12/06/2013 09:14 am ET Updated Dec 06, 2017

The Day I Was Supposed to Meet Nelson Mandela

Yesterday the world lost one of Africa's greatest heroes: Nelson Rolihlahla Mandela. I feel as if I have lost my mentor, a father and an uncle I knew, loved and admired but had never met.


As a child born and raised in Zimbabwe, I grew up hearing his name spoken and his story being shared almost every day. And 46 years later his legacy continues. In August 2007 I got an invitation to attend London's inaugural Black Leaders Dinner at the Dorchester Hotel in Mayfair. I could not believe my luck. I was about to meet my hero Nelson Mandela in person!

The guest list of high achievers included Stanley Musesengwa, the chief operating officer of Tate & Lyle, and celebrities such as Naomi Campbell, Thandie Newton, the former sports star and TV presenter Ian Wright, England footballer Sol Campbell, but also Richard Taylor (father of the murdered schoolboy Damilola Taylor) and Anthony Hamilton (father of racing driver Lewis Hamilton). That list just went on. My family and friends in New Zealand contributed towards my travel expenses and it was like a dream come true.


British Prime Minister Gordon Brown, President Nelson Mandela
and Graca Machel

Unfortunately, Nelson Mandela did not make it to that dinner, because he was unwell due to the long flight from South Africa to London. I would however get to photograph him at the unveiling of his bronze statue in Parliament Square, London. The atmosphere was electric, I was surrounded by people from all nationalities waiting to see this amazing African hero and as I stood there waiting for him to appear, I reflected on what Nelson Mandela meant to me.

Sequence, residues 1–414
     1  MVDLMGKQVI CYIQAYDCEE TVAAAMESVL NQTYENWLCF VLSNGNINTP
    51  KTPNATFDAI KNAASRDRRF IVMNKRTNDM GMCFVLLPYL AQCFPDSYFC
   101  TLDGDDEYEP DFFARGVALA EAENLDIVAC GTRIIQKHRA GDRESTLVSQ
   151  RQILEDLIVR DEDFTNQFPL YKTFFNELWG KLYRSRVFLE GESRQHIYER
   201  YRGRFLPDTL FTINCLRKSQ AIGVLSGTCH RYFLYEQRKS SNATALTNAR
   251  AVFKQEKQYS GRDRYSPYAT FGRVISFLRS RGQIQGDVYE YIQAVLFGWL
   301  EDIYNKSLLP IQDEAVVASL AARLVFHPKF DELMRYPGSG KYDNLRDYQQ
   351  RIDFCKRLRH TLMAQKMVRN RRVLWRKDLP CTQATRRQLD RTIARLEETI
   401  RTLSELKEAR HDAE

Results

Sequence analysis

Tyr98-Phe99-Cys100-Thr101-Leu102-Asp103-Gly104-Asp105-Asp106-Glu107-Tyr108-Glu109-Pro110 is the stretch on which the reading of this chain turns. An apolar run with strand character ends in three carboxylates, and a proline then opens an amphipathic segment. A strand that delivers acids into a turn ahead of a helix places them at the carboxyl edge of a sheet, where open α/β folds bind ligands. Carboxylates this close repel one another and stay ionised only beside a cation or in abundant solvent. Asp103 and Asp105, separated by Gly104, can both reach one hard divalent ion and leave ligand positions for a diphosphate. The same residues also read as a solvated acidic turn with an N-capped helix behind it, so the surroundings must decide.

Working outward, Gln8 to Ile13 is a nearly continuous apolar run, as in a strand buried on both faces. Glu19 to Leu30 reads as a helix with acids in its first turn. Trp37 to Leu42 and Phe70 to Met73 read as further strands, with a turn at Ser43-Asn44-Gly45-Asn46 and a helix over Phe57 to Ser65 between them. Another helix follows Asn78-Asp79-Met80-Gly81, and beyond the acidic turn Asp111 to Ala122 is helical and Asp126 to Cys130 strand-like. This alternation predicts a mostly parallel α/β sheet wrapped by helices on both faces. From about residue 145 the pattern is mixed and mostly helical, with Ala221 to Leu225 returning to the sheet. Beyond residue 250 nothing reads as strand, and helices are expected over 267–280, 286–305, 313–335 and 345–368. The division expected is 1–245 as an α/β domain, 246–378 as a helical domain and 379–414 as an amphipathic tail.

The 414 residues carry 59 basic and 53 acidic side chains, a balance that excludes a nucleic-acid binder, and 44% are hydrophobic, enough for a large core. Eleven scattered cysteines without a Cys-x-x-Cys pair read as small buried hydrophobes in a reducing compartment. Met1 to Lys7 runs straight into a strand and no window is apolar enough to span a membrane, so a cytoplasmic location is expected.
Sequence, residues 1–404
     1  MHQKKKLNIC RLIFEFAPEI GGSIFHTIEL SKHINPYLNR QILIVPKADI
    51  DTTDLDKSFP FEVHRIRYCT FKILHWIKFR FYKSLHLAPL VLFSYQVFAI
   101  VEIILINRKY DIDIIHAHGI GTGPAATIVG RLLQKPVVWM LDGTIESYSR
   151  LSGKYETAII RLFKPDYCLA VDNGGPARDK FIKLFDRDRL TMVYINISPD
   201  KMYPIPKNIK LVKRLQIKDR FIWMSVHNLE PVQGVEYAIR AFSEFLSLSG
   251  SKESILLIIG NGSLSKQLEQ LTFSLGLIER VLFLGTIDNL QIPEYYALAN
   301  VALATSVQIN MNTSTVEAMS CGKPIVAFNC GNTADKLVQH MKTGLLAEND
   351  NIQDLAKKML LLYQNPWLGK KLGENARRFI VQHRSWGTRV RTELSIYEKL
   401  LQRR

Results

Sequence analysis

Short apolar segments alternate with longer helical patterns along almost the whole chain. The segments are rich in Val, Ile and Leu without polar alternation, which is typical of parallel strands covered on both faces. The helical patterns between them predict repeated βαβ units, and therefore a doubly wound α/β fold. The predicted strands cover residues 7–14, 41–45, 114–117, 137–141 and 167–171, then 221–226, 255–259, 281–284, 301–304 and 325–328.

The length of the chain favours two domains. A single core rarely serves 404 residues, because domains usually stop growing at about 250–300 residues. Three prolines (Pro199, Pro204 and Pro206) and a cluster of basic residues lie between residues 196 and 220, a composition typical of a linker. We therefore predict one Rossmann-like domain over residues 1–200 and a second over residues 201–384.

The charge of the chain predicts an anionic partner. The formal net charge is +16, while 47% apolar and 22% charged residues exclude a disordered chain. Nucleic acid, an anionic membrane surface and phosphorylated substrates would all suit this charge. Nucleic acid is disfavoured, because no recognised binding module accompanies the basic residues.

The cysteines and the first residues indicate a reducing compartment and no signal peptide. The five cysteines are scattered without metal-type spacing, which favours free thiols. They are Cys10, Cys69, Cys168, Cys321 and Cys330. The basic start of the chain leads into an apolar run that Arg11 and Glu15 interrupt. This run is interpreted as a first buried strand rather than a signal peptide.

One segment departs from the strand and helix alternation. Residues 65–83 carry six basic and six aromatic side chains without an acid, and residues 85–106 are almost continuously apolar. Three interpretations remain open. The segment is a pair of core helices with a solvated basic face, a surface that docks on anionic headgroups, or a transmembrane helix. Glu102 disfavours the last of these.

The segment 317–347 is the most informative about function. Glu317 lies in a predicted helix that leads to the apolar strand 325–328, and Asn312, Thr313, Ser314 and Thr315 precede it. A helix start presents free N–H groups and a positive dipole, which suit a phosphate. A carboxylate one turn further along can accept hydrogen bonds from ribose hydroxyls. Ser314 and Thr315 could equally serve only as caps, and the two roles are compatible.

He was a man of distinguished courage and ability, admired by millions of people around the world for his brave deeds and noble qualities.

The lessons I learned:
1. His 27 years in prison were a sacrifice for all people of African descent to be free; not only for us to obtain political independence as a colonized nation in Zimbabwe, but a freeing of our minds and hearts. His actions helped to decolonize the minds of many people and gave us back our dignity and pride. He believed that people are taught to hate and if they can be taught to hate, they can also be taught to love.

2. Nelson Mandela was my mentor and my coach and I learned from him by reading his books and listening to his speeches. He stood for peace and equality for all mankind.

3. I learned to value my education and the expansion of my mind, he said that Education is the most powerful weapon you can use to change the world.

4. He taught me about leadership and how it is better to lead from behind and to put others in front, especially when you celebrate victory when nice things occur. You take the front line when there is danger.

5. He said "The struggle is my life" and "I will continue fighting for freedom until the end of my days."

I am proud to say, my hero held on to that promise. Rest in peace, Nelson Rolihlahla Mandela. Your memory will not be forgotten, and your story will empower many for years to come.


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Photographer: Getrude Matshe